As we reported on February 18th, some of the Arctic sea ice extent metrics reached the lowest levels for the date in their respective histories quite some time ago. Today though, we’re looking at a full house. The daily NSIDC and IJIS extent numbers have both been at all time lows for the date for quite some time now. Here’s how the NSIDC 5 day average extent looks at the moment:
and here’s the IJIS/JAXA daily extent:
Meanwhile a series of storms in the North Atlantic have been bringing large surf to the shores of the Western United Kingdom, and battering the edge of the sea ice in the Greenland and Barents Seas. Here’s how GFS looks currently, as visualised by MeteoCiel:
In addition this has resulted in warm air from further south being funnelled into the high Arctic, so much so that the surface temperature anomalies currently look like this:
whilst the temperatures 2 metres above the surface of the Arctic look like this:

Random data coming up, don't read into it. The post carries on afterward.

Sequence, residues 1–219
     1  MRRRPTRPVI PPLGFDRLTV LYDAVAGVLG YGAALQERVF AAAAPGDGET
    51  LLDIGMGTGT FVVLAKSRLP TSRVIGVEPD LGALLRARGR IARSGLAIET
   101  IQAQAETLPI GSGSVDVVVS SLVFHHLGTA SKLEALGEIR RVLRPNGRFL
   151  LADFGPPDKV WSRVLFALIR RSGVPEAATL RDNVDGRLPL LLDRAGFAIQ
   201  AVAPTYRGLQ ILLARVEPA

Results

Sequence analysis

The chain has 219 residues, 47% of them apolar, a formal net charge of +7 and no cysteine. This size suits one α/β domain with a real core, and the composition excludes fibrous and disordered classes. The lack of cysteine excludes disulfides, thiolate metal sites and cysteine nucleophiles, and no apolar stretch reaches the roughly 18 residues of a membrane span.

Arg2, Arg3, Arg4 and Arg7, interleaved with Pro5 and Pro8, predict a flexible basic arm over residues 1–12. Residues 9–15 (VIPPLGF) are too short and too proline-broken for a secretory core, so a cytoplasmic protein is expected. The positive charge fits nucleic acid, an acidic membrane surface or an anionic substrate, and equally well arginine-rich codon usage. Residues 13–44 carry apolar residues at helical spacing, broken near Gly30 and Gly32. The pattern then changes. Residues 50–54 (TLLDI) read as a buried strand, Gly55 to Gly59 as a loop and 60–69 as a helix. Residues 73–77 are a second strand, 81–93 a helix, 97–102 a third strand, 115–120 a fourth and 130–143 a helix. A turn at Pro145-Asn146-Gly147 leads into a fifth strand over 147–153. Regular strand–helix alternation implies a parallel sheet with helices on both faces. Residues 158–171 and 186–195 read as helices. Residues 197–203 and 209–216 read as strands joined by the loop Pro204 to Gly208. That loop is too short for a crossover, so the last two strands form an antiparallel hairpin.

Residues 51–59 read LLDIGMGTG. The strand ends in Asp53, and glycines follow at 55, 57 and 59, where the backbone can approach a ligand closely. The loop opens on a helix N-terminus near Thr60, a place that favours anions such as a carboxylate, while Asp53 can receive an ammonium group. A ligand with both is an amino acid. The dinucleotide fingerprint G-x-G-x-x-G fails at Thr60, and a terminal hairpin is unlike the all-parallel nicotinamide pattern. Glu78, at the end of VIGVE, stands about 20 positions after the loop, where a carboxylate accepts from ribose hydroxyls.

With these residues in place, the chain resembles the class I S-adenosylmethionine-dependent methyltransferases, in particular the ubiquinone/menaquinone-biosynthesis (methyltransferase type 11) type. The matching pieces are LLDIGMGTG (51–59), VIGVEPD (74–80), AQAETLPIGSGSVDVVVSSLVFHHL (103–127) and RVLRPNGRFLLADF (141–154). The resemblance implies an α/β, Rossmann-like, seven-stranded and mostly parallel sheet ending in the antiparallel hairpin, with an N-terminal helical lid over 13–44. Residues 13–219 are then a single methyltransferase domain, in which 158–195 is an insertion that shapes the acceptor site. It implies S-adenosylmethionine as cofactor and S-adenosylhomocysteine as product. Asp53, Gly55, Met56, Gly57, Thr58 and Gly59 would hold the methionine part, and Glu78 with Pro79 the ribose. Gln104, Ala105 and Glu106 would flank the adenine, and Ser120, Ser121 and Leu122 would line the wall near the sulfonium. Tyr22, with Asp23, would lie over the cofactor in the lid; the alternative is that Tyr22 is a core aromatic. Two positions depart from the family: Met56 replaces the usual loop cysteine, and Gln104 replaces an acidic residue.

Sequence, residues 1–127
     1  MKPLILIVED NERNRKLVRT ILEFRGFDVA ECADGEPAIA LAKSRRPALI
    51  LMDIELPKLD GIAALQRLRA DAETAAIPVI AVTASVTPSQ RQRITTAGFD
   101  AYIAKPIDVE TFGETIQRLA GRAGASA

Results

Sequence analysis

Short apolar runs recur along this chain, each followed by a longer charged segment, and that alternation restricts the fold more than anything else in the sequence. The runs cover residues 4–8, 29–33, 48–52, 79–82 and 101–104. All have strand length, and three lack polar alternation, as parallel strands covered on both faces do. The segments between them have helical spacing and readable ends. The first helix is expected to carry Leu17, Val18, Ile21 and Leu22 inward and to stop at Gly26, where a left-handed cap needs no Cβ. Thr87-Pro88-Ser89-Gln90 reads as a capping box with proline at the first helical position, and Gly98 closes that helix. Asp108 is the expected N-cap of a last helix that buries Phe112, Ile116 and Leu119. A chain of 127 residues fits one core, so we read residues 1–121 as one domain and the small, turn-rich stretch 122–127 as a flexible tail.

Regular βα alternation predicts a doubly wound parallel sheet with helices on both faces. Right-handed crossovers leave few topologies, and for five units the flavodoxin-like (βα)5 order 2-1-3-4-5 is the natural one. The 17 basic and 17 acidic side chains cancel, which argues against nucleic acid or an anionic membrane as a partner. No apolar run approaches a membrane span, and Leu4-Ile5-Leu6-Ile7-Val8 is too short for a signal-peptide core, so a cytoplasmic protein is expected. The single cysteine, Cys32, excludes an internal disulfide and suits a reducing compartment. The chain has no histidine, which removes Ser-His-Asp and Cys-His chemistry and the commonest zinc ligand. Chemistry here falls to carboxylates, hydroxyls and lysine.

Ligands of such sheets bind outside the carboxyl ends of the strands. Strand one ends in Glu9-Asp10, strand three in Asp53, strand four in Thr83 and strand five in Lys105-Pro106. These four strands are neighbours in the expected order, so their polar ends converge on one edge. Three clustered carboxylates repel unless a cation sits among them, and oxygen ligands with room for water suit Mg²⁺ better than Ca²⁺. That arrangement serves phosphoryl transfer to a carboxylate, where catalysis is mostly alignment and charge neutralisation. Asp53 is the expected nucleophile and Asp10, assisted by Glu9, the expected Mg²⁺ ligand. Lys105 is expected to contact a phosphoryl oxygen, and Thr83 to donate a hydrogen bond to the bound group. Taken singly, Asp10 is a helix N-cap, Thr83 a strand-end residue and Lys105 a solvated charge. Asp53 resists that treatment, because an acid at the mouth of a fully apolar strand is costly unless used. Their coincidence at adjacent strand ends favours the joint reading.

If you look closely you’ll see that air temperatures 2 metres above the North Pole are currently similar to those around the shores of the Great Lakes of North America. As a result of all this atmospheric activity today we bring you news that both the Danish Meteorological Institute “new” 15% extent:
and “old” 30% metrics:
have now joined the club.
The Cryosphere Today area metric has been holding out against the trend in sea ice extent for weeks, but we can confidently predict that when their next update is released it too will also reveal the lowest ever Arctic sea ice area for the 65th day of the year, in records going back to 1979. Here’s how their graph looks currently:
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